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dc.date.accessioned2016-01-08T21:18:52Zen
dc.date.available2016-01-08T21:18:52Zen
dc.date.created1997en
dc.date.issued1997en
dc.identifier.bibliographicCitationTop Documentary; http://topdocumentaryfilms.com/the-way-of-all-flesh/en
dc.identifier.urihttp://hdl.handle.net/10822/898884en
dc.description.abstractThis documentary relates the story of Henrietta Lacks. Mrs. Lacks had the misfortune to develop cervical cancer. The cells of her cancer were removed prior to surgery and were found to grow outside of the body as an immortal cell line - one that never died. These HeLa cells have been important in much medical research that has occured in the 20th and 21st Centuries. [need to write a more complete abstract]en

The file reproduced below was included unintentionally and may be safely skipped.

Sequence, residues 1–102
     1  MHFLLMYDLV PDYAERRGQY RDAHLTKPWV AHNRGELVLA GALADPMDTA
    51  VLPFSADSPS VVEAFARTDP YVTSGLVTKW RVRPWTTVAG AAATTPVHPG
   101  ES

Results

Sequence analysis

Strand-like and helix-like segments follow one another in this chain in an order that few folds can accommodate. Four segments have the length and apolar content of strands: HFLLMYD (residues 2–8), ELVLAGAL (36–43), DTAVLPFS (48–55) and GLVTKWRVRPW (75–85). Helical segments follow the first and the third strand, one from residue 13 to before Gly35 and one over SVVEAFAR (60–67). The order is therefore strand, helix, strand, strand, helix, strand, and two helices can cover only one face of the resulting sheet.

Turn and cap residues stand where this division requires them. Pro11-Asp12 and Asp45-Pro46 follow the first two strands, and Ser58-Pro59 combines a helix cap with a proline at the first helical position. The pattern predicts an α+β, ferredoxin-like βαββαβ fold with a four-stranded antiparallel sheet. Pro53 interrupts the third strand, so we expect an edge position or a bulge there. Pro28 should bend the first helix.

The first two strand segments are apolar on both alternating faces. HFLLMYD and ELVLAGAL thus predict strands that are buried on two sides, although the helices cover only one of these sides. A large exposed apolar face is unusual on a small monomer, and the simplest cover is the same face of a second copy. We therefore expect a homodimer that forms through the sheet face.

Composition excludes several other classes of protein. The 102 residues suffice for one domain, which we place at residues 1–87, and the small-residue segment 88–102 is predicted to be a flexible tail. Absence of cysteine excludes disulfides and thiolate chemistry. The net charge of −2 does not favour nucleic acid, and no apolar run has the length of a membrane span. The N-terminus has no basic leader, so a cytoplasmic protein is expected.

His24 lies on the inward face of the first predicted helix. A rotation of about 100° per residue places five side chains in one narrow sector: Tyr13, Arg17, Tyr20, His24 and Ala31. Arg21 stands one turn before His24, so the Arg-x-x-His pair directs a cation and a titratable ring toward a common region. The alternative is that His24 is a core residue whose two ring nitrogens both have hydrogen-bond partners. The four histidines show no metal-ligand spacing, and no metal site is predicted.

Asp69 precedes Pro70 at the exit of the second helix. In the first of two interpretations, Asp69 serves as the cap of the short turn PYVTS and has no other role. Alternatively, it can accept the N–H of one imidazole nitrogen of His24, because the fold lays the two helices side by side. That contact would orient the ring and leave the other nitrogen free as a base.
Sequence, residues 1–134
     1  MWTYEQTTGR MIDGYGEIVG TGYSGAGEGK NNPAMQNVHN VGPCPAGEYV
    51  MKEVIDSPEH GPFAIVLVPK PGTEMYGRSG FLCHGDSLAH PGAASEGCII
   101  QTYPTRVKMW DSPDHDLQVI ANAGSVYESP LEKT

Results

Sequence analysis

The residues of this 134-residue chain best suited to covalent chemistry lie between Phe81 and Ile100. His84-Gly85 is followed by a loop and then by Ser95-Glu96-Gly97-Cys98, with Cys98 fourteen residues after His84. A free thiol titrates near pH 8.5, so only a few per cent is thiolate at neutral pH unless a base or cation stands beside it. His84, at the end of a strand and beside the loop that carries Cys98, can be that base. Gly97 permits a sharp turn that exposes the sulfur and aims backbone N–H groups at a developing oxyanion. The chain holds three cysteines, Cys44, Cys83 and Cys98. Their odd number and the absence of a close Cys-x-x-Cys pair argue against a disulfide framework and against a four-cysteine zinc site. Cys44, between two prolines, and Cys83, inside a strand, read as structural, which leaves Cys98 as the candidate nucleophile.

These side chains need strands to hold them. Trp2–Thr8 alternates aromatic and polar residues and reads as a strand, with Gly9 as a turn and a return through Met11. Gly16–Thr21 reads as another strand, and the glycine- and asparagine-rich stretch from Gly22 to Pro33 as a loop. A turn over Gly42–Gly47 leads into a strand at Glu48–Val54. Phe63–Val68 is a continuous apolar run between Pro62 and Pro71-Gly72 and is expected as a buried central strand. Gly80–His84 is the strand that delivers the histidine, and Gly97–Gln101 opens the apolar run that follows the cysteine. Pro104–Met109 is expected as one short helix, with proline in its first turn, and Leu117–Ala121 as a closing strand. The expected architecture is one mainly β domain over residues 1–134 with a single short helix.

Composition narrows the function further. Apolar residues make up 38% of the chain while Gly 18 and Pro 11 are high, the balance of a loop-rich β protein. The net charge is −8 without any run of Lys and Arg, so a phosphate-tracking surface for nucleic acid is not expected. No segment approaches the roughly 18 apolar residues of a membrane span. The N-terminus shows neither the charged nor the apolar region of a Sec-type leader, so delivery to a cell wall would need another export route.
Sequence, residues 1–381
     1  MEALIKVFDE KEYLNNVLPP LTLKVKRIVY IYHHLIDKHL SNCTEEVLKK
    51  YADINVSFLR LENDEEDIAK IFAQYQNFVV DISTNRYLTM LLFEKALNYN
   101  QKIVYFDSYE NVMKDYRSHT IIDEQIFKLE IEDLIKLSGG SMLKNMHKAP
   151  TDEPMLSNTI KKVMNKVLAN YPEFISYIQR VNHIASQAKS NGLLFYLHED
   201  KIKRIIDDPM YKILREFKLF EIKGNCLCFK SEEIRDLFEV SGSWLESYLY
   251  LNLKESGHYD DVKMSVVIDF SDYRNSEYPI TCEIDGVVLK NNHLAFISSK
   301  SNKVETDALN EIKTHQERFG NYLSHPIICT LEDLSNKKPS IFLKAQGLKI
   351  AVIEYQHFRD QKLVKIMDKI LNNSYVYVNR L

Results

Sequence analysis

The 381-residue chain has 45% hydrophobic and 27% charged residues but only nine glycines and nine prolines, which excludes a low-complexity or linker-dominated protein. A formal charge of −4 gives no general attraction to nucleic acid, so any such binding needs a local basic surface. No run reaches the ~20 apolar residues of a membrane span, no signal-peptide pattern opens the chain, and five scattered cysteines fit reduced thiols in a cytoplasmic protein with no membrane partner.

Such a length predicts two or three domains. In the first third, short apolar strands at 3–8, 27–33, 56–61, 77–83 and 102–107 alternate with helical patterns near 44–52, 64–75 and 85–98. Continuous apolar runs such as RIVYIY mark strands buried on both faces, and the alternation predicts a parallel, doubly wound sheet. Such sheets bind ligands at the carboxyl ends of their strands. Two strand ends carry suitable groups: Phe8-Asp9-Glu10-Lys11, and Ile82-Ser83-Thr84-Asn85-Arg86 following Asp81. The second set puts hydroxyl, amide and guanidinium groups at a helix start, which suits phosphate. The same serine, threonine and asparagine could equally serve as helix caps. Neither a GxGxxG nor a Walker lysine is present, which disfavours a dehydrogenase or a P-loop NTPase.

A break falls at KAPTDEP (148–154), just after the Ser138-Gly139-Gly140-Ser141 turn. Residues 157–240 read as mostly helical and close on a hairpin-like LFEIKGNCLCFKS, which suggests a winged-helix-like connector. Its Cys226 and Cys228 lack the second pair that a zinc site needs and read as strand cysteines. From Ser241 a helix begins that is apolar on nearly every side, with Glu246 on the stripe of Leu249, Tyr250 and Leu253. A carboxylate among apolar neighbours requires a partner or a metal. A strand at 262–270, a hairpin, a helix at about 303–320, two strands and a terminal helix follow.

dc.formatAudiovisualen
dc.languageenen
dc.sourceeweb:172661en
dc.subjectCanceren
dc.subjectCellsen
dc.subjectMedical Researchen
dc.subjectResearchen
dc.subjectSurgeryen
dc.subject.classificationArtificial and Transplanted Organs or Tissuesen
dc.titleThe Way of All Fleshen
dc.typeVideoen
dc.provenanceCitation prepared by the Library and Information Services group of the Kennedy Institute of Ethics, Georgetown University for the ETHXWeb database.en
dc.provenanceCitation migrated from OpenText LiveLink Discovery Server database named EWEB hosted by the Bioethics Research Library to the DSpace collection EthxWeb hosted by DigitalGeorgetown.en


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